New Discount Rate
New Personal Injury Discount Rate
How will it affect your injury claim?
The Lord Chancellor recently made a long anticipated announcement following her review of the Discount Rate. The Discount Rate is a percentage used by Lawyers to calculate future losses in personal injury and fatal accident claims. It is designed to discount the lump sum for future losses on the assumption that the money can be invested and earn interest in the future. The aim of setting this rate is to ensure that Claimants are not over or under compensated.
It makes adjustments to personal injury awards to take into account the return expected when a compensation lump sum is invested.
The discount rate was set at 2.5% 16 years ago in 2001.
The rate of 2.5% (fixed in 2001) has now been adjusted to -0.75%.
There had been concern within the legal industry that Claimants had been under-compensated for many years. The announcement followed a lengthy review – initially provoked by Judicial Review proceedings brought in March 2011 by the Association of Personal Injury Lawyers (APIL).
The effect of this decision
The discount rate changed on 20 March 2017. This is a decision which will drastically increase the size of lump sum payments across the scale of serious personal injury cases. The change only affects future losses and any claim for past losses will be unaffected. It is vitally important that calculations of a victim’s loss are calculated accurately. The people who will be positively affected as a result of this decision are those who have suffered serious or catastrophic injuries through no fault of their own.
The difference it will make
Consider how a Claimant’s damages will be affected by the decision:
Joanne is a 25 year old woman who had been earning £15,000 per year after tax. Unfortunately she suffered severe injuries in an accident that means she is unable to work. If she had continued until a retirement age of 68 she could have expected to earn a total of £15,000 x 43 years = £645,000.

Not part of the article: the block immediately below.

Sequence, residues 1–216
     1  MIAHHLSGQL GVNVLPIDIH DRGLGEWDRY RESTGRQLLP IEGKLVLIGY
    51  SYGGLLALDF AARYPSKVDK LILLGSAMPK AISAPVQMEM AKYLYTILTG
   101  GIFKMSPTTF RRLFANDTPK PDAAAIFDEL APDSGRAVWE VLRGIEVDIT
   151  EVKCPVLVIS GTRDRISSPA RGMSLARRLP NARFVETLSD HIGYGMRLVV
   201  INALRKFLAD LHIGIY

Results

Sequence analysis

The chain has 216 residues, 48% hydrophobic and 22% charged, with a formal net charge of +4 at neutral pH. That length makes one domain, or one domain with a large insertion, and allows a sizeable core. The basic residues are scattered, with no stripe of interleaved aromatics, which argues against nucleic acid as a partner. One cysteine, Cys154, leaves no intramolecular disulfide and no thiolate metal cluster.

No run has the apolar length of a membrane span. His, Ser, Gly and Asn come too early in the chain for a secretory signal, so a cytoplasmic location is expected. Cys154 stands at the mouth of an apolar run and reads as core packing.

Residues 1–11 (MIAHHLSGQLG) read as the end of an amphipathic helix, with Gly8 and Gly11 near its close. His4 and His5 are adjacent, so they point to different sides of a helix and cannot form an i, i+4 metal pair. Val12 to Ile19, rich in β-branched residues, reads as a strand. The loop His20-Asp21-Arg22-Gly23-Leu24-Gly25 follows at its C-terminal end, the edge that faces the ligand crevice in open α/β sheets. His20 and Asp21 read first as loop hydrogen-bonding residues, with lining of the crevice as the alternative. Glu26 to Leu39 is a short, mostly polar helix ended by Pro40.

It is not possible just to merely award Joanne £645,000 because she would, by receiving it now, have the benefit of being able to invest it and earn interest over the next 43 years. A discount rate is therefore applied.
If a 2.5% discount was applied the actual multiplier would be 26.1 instead of 43 and Joanne would therefore receive £15,000 x 26.1 = £391,500.
If the new discount rate of -0.75% is applied the multiplier becomes 49.66 and Joanne therefore suffers a loss of £15,000 x 49.66 = £744,900.
Solicitors currently valuing claims will have to recalculate future losses although the task is made difficult by the absence of a -0.75% column in the Ogden Tables.
It is unlikely that the discount rate will remain at -0.75% for the next 16 years but it seems likely the insurance industry will challenge the decision. However, it is important to remember that the objective of the discount rate is to ensure that seriously injured people are fairly compensated.
Unfortunately the Ministry of Justice have recently announced that a consultation will be carried out in respect of calculating the rate. The consultation is due to close on 11 May 2017. The core issues to be considered in the consultation are:-
What principles should guide how the rate is set
- How often should the rate be set
- Who should set the discount rate
It is important to note that the objective of the discount rate is merely to ensure that seriously injured people are fairly compensated.
I am a Partner at Edwards Duthie Shamash Solicitors and have experience in handling claims of the utmost severity. If you or a loved one have suffered an injury as a result of someone else’s negligence, please contact me on 020 8514 9000 or email me at: email@example.com